That villain, real name Erik Josten, is demanding that Luke stop using the Power Man name since he has been using it for years. The resulting destructive battle causes the building to start collapsing, trapping a little girl inside. Naturally, Luke Cage wins the fight and saves the child. Continue reading


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This weekend’s light-hearted and escapist superhero blog post looks at the early stories featuring the Femizon called Thundra, who started as a villainess before reforming.

ff 129FANTASTIC FOUR Vol 1 #129 (December 1972)

Title: The Frightful Four – Plus One

Villains: The Frightful Four (The Wizard, Sandman, the Trapster and Thundra)

NOTE: This was Thundra’s first appearance.

Synopsis: The Wizard, Sandman and the Trapster are still at large after their recent clash with Spider-Man and the Human Torch in Marvel Team-Up #2. Meanwhile, at the Baxter Building headquarters of the Fantastic Four, the Human Torch drops a bombshell on his teammates – he is quitting the team to go live with his true love Crystal of the Inhuman Royal Family.

thundra walkingCrystal, Johnny Storm’s longtime girlfriend and former member of the Fantastic Four, was forced to move back to the Inhumans’ hidden city of Attilan due to her body’s negative reaction to air pollution in the human world.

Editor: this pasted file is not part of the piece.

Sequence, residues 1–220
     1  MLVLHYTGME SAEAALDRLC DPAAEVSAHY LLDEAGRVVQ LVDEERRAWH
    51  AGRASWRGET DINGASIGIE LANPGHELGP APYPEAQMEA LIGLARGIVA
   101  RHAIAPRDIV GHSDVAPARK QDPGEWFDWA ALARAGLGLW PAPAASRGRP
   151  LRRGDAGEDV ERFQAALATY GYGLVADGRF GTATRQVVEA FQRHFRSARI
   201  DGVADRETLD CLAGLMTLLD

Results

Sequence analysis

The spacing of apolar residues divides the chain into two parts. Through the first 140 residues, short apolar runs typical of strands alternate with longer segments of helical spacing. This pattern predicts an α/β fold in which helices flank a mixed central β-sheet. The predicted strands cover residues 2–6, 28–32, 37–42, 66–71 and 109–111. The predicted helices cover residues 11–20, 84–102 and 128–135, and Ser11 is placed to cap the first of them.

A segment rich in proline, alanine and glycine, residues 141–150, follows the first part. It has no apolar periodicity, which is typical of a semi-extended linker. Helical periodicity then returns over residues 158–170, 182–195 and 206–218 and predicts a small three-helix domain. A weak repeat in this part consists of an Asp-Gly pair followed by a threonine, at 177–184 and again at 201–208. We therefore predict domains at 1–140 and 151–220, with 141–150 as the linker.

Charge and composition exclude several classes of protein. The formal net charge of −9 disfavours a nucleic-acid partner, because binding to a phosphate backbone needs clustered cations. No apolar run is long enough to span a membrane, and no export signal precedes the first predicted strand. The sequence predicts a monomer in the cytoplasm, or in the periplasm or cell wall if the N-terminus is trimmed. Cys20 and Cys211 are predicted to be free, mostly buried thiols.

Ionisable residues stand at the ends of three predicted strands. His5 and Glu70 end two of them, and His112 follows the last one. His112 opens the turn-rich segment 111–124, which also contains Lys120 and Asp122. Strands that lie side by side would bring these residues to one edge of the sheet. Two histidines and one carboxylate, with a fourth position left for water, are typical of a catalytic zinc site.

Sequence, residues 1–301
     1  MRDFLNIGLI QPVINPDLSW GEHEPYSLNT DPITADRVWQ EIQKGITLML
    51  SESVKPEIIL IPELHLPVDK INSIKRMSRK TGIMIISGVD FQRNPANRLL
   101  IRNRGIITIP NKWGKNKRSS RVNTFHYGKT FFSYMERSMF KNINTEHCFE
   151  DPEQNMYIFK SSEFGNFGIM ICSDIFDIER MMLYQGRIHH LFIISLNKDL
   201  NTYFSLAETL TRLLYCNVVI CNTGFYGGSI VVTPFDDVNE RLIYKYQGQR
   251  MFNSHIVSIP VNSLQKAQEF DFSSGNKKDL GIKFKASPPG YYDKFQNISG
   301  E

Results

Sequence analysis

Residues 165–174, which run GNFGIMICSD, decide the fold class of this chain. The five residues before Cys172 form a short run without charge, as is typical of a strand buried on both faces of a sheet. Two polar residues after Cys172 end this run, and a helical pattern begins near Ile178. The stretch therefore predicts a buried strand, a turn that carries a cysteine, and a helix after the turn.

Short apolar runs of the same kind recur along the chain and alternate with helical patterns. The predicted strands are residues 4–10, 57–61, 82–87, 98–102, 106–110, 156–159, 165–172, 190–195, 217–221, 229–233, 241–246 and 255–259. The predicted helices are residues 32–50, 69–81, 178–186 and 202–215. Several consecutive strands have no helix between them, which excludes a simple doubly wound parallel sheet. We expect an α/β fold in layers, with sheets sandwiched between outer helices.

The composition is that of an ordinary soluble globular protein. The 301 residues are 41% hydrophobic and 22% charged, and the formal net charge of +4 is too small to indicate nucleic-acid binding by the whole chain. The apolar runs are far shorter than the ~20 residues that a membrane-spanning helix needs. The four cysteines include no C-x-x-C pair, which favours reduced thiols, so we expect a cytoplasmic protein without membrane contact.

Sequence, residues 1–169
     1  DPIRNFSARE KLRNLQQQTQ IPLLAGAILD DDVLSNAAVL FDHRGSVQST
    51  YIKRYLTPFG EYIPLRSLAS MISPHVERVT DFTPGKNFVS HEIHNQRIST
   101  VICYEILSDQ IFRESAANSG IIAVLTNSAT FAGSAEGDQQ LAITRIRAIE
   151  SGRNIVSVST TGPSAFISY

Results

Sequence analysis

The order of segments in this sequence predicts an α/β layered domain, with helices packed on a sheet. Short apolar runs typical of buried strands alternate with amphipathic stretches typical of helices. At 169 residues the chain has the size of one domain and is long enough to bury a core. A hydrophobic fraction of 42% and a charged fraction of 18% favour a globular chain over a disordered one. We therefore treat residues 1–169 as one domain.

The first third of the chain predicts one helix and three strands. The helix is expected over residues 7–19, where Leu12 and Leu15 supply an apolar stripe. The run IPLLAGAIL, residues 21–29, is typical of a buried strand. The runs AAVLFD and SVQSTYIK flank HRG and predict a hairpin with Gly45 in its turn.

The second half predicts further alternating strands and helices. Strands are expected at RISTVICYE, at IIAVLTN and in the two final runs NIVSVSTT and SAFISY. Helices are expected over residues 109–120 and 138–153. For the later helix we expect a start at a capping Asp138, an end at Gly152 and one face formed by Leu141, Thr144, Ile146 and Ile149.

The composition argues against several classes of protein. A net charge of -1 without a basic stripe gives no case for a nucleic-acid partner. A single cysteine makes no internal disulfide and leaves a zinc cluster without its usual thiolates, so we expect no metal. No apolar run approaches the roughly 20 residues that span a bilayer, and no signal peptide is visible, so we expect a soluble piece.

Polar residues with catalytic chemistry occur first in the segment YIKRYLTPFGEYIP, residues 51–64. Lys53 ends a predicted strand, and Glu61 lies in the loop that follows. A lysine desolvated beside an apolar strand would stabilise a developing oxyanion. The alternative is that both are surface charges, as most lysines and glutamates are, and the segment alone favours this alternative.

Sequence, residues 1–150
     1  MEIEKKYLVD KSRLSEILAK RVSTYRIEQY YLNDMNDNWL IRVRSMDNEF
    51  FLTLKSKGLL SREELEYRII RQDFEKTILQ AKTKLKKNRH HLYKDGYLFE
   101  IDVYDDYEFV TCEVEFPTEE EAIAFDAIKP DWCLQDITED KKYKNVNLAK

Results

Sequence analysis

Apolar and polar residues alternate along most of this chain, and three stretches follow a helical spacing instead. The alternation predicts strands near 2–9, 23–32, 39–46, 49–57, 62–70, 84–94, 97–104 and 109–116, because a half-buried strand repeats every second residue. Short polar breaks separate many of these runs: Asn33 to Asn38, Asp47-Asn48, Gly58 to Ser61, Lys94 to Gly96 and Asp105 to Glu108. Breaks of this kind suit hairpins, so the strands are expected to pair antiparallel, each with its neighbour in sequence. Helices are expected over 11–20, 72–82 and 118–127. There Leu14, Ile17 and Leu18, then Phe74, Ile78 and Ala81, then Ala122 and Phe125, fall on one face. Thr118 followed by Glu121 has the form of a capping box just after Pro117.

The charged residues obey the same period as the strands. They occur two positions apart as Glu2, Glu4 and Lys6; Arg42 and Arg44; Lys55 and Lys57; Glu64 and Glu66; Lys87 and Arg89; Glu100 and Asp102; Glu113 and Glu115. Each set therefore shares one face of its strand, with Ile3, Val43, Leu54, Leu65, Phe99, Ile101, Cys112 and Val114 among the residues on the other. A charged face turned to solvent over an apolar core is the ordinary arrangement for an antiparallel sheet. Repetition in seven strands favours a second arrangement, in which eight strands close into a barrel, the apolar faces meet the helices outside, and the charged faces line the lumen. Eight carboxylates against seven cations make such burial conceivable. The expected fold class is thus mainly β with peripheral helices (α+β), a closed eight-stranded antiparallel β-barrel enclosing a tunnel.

After a fierce argument in which Invisible Woman (Johnny’s sister) sides with the Torch, Johnny flies off in the Fantastic Four’s plane to reach Attilan. The arguing is reignited by Agatha Harkness (still in the years BEFORE she tutored the Scarlet Witch) who tells the Fantastic Four that she has urgent business and they must come pick up Reed and Sue’s son Franklin Richards at her Whisper Hill home. Continue reading


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This weekend’s escapist superhero blog post will examine the infamous independent creation Grips. His gritty, ultraviolent escapades ranged from fighting street crime to stopping Saddam Hussein from using nukes on America.

grips pictureGRIPS

First Appearance: Grips #1 (September 1986). His final appearance came in March 1992. 

Secret Identity: Martin Kane, artist for Fat Ninja Comics

NOTE: Created and written by Kris Silver and with his earliest adventures illustrated by Tim Vigil of Faust fame, Grips was a cross between Wolverine and the Punisher. However, as a character from an independent company whose internal pages were in black & white his violence and other mature themes went WAY beyond anything featuring either of those two Marvel Comics creations.

Think of the over the top, seldom realistic violence of films like Riki-Oh: The Story of Ricky, or maybe Sonny Chiba’s 1970s Street Fighter flicks.